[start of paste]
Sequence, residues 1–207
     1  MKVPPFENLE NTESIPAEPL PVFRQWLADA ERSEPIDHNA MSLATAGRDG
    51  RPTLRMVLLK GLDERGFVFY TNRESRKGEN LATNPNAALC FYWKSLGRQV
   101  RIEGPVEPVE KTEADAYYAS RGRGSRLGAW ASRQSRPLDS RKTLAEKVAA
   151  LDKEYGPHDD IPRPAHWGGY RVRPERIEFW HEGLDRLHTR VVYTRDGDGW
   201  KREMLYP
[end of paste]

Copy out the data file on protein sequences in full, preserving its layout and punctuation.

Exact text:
Sequence, residues 1–207
     1  MKVPPFENLE NTESIPAEPL PVFRQWLADA ERSEPIDHNA MSLATAGRDG
    51  RPTLRMVLLK GLDERGFVFY TNRESRKGEN LATNPNAALC FYWKSLGRQV
   101  RIEGPVEPVE KTEADAYYAS RGRGSRLGAW ASRQSRPLDS RKTLAEKVAA
   151  LDKEYGPHDD IPRPAHWGGY RVRPERIEFW HEGLDRLHTR VVYTRDGDGW
   201  KREMLYP